What about the corporate practice of "rip-o-matics" I believe the term is? There are major (and I mean MAJOR multinational) corporations who do this from what I understand. They string together scenes from motion pictures that evoke modes and screen them to see what might evoke the kinds of emotions/response for a future advertising campaign. Basically they seem to rent DVDs and screen highlights at an internal meeting. In other words a business is renting DVDs and screening highlights. I suspect they're making "clip reels" rather than scanning through stacks of DVDs.
Reason why I ask, is I went to an interview for a freelance gig a few years back and they said they do "rip-o-matics" and described the above practice and who there clients were. It sounded a bit "boarderline" to me and they were put off when I asked about copyright issues.
As alluded to in this thread, there are businesses who want producers to use copyrighted images and/or music in their "internal" pieces. I think this is DUMB risk for any business. All you need is a disgruntled employee showing a copy to the appropriate "interested" party and . . .
This site will explain what is called the "doctrine of fair use" which was developed through a series of high court decisions and has now been codified as law.
Basically, under the doctrine of fair use, you can incorporate pieces of copyrighted works into your own original work under some circumstances. In your situation, you may find yourself covered under the doctrine if the use will be a parody or if it will be used for educational purposes. Alternately, your use may be "fair" if the portion you use is a small portion of the original and a small portion of your completed work. Please review the page above and the many other explanations that can be found via a quick web search.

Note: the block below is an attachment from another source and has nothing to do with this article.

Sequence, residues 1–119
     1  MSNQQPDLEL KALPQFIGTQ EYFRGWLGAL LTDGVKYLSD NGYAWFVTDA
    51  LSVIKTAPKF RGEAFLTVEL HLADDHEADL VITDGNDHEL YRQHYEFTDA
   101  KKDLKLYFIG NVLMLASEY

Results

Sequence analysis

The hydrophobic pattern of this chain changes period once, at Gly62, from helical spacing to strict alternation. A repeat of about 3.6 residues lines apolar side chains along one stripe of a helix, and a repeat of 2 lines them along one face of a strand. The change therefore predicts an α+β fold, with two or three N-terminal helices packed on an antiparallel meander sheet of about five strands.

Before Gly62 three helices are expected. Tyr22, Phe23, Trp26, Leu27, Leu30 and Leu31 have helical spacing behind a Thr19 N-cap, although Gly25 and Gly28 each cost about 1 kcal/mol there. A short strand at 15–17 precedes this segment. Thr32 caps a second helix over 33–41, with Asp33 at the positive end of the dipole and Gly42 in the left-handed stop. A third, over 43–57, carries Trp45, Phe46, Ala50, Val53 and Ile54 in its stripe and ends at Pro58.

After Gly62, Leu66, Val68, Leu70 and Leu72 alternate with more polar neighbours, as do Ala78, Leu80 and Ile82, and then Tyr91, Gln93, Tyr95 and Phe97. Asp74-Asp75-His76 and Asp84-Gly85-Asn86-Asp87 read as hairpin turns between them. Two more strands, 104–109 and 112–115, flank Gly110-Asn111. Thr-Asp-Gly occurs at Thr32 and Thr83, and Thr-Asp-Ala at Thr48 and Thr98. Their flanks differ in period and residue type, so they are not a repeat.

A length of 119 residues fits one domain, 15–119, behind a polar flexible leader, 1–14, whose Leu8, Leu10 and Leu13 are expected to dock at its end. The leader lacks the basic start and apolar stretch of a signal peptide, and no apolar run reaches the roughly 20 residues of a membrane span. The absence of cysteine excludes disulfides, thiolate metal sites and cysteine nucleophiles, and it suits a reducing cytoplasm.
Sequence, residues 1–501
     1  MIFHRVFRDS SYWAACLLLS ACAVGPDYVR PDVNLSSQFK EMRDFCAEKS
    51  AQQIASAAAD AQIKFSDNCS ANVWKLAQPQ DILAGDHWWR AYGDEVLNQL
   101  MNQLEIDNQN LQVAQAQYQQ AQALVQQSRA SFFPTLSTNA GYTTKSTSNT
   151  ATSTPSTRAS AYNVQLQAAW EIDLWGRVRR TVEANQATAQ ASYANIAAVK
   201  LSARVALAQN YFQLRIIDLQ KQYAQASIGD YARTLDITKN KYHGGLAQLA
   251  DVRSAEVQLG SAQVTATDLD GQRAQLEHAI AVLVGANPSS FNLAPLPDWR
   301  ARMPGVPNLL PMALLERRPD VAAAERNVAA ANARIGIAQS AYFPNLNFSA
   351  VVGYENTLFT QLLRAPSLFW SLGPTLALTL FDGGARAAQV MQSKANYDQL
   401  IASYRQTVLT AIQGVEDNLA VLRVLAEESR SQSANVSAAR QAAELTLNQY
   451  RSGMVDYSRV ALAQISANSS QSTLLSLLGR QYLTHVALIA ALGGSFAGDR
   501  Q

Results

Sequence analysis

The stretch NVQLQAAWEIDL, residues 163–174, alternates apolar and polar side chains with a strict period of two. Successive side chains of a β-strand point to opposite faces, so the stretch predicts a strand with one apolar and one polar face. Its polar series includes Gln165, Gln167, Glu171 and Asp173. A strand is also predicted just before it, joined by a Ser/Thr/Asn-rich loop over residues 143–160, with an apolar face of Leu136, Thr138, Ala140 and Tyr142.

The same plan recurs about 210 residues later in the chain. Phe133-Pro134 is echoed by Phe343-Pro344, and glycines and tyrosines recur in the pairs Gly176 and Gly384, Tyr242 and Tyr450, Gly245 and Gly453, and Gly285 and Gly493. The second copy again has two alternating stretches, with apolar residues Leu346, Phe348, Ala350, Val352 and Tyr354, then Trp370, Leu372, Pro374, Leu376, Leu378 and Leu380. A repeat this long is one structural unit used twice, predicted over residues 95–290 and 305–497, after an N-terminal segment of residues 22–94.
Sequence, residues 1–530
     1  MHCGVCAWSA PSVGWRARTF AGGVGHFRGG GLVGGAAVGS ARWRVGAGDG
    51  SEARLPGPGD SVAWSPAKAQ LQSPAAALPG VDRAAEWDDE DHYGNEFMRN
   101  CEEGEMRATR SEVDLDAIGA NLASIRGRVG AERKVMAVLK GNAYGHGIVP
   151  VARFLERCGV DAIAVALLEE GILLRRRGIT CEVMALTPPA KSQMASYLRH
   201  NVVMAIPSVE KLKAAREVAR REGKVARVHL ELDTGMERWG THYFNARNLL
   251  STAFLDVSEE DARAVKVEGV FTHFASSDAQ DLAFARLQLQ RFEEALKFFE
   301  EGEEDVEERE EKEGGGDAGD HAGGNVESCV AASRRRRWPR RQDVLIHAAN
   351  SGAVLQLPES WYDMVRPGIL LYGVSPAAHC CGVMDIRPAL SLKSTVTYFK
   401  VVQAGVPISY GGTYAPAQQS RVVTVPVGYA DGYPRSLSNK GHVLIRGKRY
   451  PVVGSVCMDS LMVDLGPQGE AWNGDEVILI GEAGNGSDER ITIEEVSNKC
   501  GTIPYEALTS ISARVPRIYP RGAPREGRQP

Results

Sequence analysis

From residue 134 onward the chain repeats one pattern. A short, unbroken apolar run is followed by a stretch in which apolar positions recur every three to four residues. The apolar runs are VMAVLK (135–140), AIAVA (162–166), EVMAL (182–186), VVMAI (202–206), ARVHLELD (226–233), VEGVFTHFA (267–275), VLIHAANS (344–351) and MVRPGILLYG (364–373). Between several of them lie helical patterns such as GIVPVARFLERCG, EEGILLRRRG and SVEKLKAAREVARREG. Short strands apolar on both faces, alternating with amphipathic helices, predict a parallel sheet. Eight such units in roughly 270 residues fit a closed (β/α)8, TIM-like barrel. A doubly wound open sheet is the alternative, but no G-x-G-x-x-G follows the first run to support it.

If you think that this doctrine applies to your use of the copyrighted work, e.g., you have a "good faith" belief that it is fair use, an indemnification from your client will cover your liability if the copyright holder wants to bring suit. Check with your lawyer for specific language for your situation. Your liability is likely limited to the money you make on the job - since you have a good faith belief, there is no treble damage available. Any loss of market value to the copyright holder (if any) will likely be the problem of your client.
The best course of action is, of course, to avoid any use of unlicensed copyrighted material unless it is CLEARLY subject to the fair use doctrine. Even if you are sure, explain the doctrine to your client, send them some links on the subject and get the indemnification signed.
[jbarnes] "...get the indemnification signed."
I am very sorry to have your first post in the Cow be one that seems callous but starting with your last comment, James, it is completely false. Completely. You cannot get an indemnification signed so that you can break a law and hold someone else responsible when you are aware -- or not, ignorance of the law doesn't matter -- that you are breaking a law. Arguably, the indemnification only proves that you were aware that you were breaking the law and in some cases, has been used to actually increase rather than alleviate financial damages in court settlements.
As for Fair Use doctrines, there is an article in the Cow library that I penned which is written in a way that is far closer to the realities of Fair Use for media producers than the one at the copyright office -- which is a good read but is so general that many who read it still have more questions than they do, answers. In general, for-profit entities have a tough time proving Fair Use -- oh, there are exceptions but they are few and very far between.